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bltIndian Festival Calendar
bltNational Festivals
bltHindu Festivals
bltMuslim Festivals
bltSikh Festivals
bltChristian Festivals
bltBuddhist Festivals



blt-1Christmas
blt-1Diwali
blt-1Rakhi
blt-1Onam
blt-1Teacher's Day
blt-1Thanksgiving
blt-1Halloween
blt-1Easter
blt-1Mother's Day
blt-1Father's Day
blt-1Valentine's Day
blt-1Durga Puja
blt-1Navratri
blt-1Id ul Fitr
blt-1Passover




Find out information on major Hindu festivals and holidays. Also, explore a free, printable calendar on Hindu holidays and festivals 2015.

Hindu Holidays 2015

Hindu Festivals
It's been said often enough that Hindus celebrate everything. So they do. The birth of gods, death of asuras, victory of the gods, marriage of the gods, the new year, new months, full moons, new moons, harvests, birthdays, initiations, marriages, deaths, anniversaries - you name the event, and it is reason for music, dance, processions, and what have you.

And there is the religious bit lurking behind it all. The reasons for this lie deep, in the origin of Hinduism as an organic religion. Its followers have over time considered anything, animate or inanimate, to be sacred and aspects of divinity.

That is also why even secular events like harvests take on religious overtones, with the patron deity presiding over the festivities. As soon as something happens, there is a kind of thanksgiving to the divine that follows it.

Apart from the universally celebrated festivals like Dussehra, Diwali and Ganesh Chaturthi, there are others that are observed in specific communities or geographical areas. Hindu holidays are also confined to particular regions by the importance a certain god enjoys.

Worship of Kartikeya (as during the festival of Skanda Shashti) is predominant in Tamil Nadu, where the god is considered a patron of the region. Onam is a good example of a festival that is celebrated solely by Keralites. Another interesting aspect of Onam is that it is perhaps the only major Hindu festival that celebrates the reign of an asura king, although a benevolent one.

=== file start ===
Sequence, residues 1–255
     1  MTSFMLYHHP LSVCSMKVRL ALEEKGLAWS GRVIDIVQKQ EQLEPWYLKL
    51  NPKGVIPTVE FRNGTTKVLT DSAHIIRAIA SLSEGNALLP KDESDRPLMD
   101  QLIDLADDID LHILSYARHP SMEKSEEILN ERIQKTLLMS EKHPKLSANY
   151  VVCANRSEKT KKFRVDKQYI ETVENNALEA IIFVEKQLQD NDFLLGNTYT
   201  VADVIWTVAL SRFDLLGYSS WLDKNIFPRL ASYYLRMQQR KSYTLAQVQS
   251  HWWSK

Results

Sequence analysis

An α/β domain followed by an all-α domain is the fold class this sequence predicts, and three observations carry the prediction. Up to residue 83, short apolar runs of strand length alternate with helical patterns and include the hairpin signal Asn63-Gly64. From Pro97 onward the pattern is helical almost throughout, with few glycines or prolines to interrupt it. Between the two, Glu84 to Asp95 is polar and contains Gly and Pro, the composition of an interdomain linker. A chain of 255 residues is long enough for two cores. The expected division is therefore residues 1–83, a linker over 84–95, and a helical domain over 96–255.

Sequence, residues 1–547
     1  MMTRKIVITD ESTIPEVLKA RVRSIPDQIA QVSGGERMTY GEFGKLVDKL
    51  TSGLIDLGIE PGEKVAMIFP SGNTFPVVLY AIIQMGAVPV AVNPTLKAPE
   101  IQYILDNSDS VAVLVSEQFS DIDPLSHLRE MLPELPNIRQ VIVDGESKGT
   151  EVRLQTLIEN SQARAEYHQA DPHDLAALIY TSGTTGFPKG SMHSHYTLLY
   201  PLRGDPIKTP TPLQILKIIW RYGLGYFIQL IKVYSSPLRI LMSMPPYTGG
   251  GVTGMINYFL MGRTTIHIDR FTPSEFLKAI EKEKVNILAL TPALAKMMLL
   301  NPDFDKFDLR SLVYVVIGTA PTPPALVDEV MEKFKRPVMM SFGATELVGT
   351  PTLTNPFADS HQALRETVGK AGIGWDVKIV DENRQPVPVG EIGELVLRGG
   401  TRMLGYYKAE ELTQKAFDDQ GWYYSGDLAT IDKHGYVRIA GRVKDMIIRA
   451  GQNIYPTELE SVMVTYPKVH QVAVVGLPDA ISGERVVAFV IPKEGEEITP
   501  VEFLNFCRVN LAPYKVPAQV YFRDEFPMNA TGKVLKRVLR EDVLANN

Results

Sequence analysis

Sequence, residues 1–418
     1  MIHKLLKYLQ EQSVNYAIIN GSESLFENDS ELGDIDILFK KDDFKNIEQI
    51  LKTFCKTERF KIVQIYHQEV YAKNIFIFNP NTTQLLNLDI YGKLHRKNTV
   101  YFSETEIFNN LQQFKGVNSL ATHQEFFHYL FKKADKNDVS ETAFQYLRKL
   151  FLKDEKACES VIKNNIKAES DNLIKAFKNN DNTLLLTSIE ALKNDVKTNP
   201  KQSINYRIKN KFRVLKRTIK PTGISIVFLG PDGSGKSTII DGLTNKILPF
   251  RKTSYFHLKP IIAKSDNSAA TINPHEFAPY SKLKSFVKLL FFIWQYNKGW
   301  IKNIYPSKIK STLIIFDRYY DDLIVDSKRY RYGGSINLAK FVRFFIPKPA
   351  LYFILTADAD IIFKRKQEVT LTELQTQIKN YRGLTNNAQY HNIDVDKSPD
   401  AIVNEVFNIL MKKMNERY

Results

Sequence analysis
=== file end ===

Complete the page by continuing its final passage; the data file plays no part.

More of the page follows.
The profusion of legends and the contradictions inherent in them is reflected in festivals too. Travel around the country, and you will hear people tell you a variety of legends involving different gods behind a single festival. Besides, you will also find versions of the same festival being celebrated under different names in different regions.

All this adds that facet of unending novelty and constant change to the strikingly colorful kaleidoscope that is India. You might end up thinking the thought: "The more things change, the more they remain the same", which is something often said about India and its magical agelessness.

With so many holy days and more than 20 major Hindu festivals, the calendar should be liberally sprinkled with them. But it isn't so. There is a distinct festival season, which runs from late August through December. This is when there is a fever of celebrations, with a string of important festivals following one another in a rush.

But the major festivals are not the only ones that the people celebrate. Browse through the Hindu almanac, and you will find a mention of holiness or sacredness against almost every day of the year. Most of the lesser festivals are lesser because they have a private rather than public face. There are rituals for phases of the moon, solar and lunar eclipses, days of the week, a person's auspicious star or zodiac sign.

Hindu Festivals Calendar 2015
January 14, WednesdayLohri
14, Wednesday ~ Saturday, Jan 17Pongal
15, Thursday ~ Saturday, Jan 17Bhogali Bihu
15, ThursdayBihu
15, ThursdayMakar Sankranti
20, TuesdayMauni Amavasya
24, SaturdayVasant Panchami
February 17, TuesdayMaha Shivaratri
March 06, FridayHoli
06, FridayHolla Mohalla
21, Saturday ~ Saturday, Mar 28Chaitra Navratri
21, SaturdayUgadi
21, SaturdayVikrami Samvat (Hindu New Year)
28, SaturdayRama Navami
April 02, ThursdayMahavir Jayanti
04, SaturdayHanuman Jayanti
14, TuesdayBaisakhi
14, Tuesday ~ Thursday, Apr 16Rongali Bihu
21, TuesdayAkshay Tritiya
May 04, MondayBuddha Purnima
28, ThursdayGanga Dussehra
July 18, SaturdayRath Yatra
31, FridayGuru Purnima
August 19, WednesdayNaag Panchami
29, SaturdayRaksha Bandhan
September 05, SaturdayShri Krishna Janmashtami
17, ThursdayGanesh Chaturthi
17, ThursdayVishwakarma Puja
October 13, TuesdayNavaratra Begins
13, Tuesday ~ Wednesday, Oct 21Sharad Navratri
18, Sunday ~ Thursday, Oct 22Durga Puja
22, ThursdayDussehra
30, FridayKarva Chauth
November 09, MondayDhan Teras
11, WednesdayDiwali
11, WednesdayKali Puja
12, ThursdayGovardhan Puja
13, FridayBhai Duj
15, SundayChhath Puja Begins (Nahai Khai)
17, TuesdayChhath Puja Ends (Sandhya Argh)







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